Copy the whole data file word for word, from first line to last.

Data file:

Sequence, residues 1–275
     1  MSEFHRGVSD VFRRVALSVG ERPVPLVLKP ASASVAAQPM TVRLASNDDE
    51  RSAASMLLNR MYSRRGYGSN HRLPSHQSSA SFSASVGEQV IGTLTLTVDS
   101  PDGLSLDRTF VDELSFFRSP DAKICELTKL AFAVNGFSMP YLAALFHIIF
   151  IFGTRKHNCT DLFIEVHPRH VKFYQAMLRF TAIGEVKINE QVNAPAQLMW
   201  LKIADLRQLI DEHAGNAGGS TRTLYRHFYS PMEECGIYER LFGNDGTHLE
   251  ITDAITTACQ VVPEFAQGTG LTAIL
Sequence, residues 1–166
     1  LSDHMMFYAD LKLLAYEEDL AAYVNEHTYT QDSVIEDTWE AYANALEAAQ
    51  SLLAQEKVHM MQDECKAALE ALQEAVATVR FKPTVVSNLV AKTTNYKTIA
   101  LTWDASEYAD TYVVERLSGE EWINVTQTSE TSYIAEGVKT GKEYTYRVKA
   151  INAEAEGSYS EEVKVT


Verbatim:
Sequence, residues 1–275
     1  MSEFHRGVSD VFRRVALSVG ERPVPLVLKP ASASVAAQPM TVRLASNDDE
    51  RSAASMLLNR MYSRRGYGSN HRLPSHQSSA SFSASVGEQV IGTLTLTVDS
   101  PDGLSLDRTF VDELSFFRSP DAKICELTKL AFAVNGFSMP YLAALFHIIF
   151  IFGTRKHNCT DLFIEVHPRH VKFYQAMLRF TAIGEVKINE QVNAPAQLMW
   201  LKIADLRQLI DEHAGNAGGS TRTLYRHFYS PMEECGIYER LFGNDGTHLE
   251  ITDAITTACQ VVPEFAQGTG LTAIL
Sequence, residues 1–166
     1  LSDHMMFYAD LKLLAYEEDL AAYVNEHTYT QDSVIEDTWE AYANALEAAQ
    51  SLLAQEKVHM MQDECKAALE ALQEAVATVR FKPTVVSNLV AKTTNYKTIA
   101  LTWDASEYAD TYVVERLSGE EWINVTQTSE TSYIAEGVKT GKEYTYRVKA
   151  INAEAEGSYS EEVKVT